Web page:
A memorial address by Sir Francis McGowin honored General Lee and highlighted outstanding facts about Alabama, “which Lee never visited,” as Sir Francis kept comically repeating.

Tammie Evans, district director of the UDC, local treasurer and registrar, and third vice-president of the Alabama Division of the UDC, decorated round tables with white cloths and centerpieces of kerosene lamps, greenery, and First National flags of the Confederacy. She also laid the buffet with gold cloth.

Members brought dishes for the buffet, which included Irene (Davis) Butler’s famous chicken salad.

Randy “R” Kelley, commander of the Covington Rifles, presided.

“Hank” Roberts, chaplain, worded the invocation/blessing.

Larry Shaw then led all in pledges to the flags and the singing of Lee’s favorite hymn, “How Firm a Foundation,” the national anthem, the state song, and “Dixie’s Land.”

Introductions were followed by the buffet-supper.

After supper, Sir Francis presented a summary of the life of Lee.

Brandi Evans of the UDC assisted her mother, Tammi Evans, in presenting the Jefferson Davis Historical Silver Medal and certificate to state winners of Confederate essays. Each student was sponsored by the Thomas R. Thomasson Chapter of the UDC.

The four state winners were Riley Brooks, Sara Grace Dye, William Austin Harris, and Lana Gail Jordan.

UDC members were recognized.

“Hank” Roberts worded the benediction.

Attending were Tammi Evans, Derek Davis, Randy “R” Kelley, James Harris, his grandson, Austin Harris, Brandi Evans, Ken Reeves, Tracy and Ruby Nall, Tracy Iler, Joe Wingard, Brenda Howard, Riley Brooks, Jennifer Brooks, Gail Wheeler, Sir Francis McGowin, Ann McGowin, Annaleigh Brooks, Jimmy Cobb, Madge Cobb, Linda Castleberry, Don Davis, Taylor Lawson, Billy Green, Gina Green, Wanda Davis, Vaughn Bowers, Sharon Dye, Joe E. Clark, Jr. (Southeast Alabama Brigade Commander, Coffee County Rangers Camp 911 Commander), Irene (Davis) Butler, Hank Roberts, Mary Tatum, Larry Shaw, Eleanor Williamson, John Allen Gantt, Donna Clark, J. Worley, Dr. Rex Butler, Robert Dye, Jr., Sara Dye, Sara Grace Dye, Elisa Edson, Nikki Green-Harris, Michael Grantham, Henry E. Jordan, Judy T. Jordan, Karla Jordan, Anthony Jordan, and about five more I missed.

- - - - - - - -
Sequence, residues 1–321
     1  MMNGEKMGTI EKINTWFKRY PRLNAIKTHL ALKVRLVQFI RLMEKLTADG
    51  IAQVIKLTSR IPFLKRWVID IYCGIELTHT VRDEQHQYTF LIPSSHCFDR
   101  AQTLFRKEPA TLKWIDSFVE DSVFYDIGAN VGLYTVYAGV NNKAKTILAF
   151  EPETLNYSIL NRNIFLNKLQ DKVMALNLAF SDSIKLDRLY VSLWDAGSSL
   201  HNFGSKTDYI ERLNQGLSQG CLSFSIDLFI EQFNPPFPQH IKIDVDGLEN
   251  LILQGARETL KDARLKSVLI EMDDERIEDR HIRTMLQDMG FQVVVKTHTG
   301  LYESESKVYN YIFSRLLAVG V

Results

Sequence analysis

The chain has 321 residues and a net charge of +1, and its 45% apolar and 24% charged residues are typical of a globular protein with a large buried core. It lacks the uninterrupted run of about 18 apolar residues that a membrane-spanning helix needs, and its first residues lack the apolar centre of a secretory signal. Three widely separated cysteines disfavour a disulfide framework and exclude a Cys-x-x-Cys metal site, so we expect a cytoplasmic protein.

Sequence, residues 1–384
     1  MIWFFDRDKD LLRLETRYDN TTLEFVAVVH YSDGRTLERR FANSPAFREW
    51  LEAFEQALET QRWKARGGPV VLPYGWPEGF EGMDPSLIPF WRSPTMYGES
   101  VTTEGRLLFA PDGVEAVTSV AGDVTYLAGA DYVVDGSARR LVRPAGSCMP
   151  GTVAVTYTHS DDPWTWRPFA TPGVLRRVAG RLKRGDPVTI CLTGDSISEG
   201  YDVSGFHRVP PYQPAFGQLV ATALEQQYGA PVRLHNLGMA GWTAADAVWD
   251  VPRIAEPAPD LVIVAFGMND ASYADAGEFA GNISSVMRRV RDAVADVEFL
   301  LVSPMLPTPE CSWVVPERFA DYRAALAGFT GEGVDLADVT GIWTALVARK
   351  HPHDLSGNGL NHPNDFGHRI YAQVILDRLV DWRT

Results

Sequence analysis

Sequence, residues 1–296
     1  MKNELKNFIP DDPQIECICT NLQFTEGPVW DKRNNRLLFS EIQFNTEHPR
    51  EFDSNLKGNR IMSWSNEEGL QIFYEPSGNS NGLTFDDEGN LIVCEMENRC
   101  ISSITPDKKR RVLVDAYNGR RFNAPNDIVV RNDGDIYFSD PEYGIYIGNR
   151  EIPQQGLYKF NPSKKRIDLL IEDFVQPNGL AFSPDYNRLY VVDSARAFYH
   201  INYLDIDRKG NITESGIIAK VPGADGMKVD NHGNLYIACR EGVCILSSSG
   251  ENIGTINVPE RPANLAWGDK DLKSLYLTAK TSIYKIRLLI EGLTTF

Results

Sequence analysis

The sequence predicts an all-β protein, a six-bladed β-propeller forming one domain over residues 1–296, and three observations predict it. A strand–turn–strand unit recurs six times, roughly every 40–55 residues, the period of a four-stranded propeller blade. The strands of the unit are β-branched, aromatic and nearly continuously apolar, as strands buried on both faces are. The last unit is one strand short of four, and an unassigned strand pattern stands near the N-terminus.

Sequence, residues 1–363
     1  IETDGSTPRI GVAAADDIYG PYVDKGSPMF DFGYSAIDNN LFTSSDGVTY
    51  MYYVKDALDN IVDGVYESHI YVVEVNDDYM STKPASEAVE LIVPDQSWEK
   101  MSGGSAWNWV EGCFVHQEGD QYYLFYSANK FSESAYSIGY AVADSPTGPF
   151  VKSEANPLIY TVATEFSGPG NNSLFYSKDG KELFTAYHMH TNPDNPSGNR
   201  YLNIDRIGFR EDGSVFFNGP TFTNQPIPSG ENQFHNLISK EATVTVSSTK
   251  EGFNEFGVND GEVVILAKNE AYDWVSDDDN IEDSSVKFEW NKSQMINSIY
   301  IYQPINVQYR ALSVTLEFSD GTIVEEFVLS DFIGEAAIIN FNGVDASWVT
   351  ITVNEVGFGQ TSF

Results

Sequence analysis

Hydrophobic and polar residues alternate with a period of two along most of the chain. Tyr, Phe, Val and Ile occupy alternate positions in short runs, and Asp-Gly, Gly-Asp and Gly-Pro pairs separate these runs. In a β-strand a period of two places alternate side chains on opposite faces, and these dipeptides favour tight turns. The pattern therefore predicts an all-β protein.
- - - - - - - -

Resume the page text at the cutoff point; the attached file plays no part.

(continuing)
This week we conclude Part III of “Miss Betty” Mitchell’s bus tour to New York City.

“Today we traveled to Liberty Island to see the Statue of Liberty. What a sight that was for me to see – and must have been for the immigrants coming into our country! Once we left Liberty Island, we stopped on Ellis Island where the immigrants coming into our country had to register. That was another emotional time for me to think about and what all the people coming to our country must have felt as they came to this country for a new beginning. The ladies in our group were looking for the people who were selling purses out on the streets, but we had not found any so far; but THEN when we got off the boat coming back from Ellis Island, James said,’Here are the people with the purses’ – there was an unbelievable rush by the ladies to get the bags. James said it usually takes vendors three or four weeks to sell all their bags, but this poor man was mobbed and all his bags but two were gone in a few minutes. James told the ladies they had made this man’s day. He said he had been a guide for 15 years, and he had never seen anything like it. After the purse rush we came back to Times Square in search of the Naked Cowboy. When James spotted him (according to Wayne Bennett), the bus tilted so far to the right that he feared the bus might turn over. Well, guess what!? Not everyone got to see him, so Jorge had to go around the block a second time for the rest of the women to see him. Well, as luck would have it – when we got back around to where he was before, he was gone. He had moved to the other side of the street; and now there is another mad rush, and the bus tilts to the left. What women won’t do when they are out of town! After everyone calmed down, we were off to Ben’s New York Deli for dinner and some free time for shopping at Times Square. Then, back to the hotel to pack our bags to leave New York tomorrow morning. Believe me! Packing was a job for some of those ladies after all the shopping they did!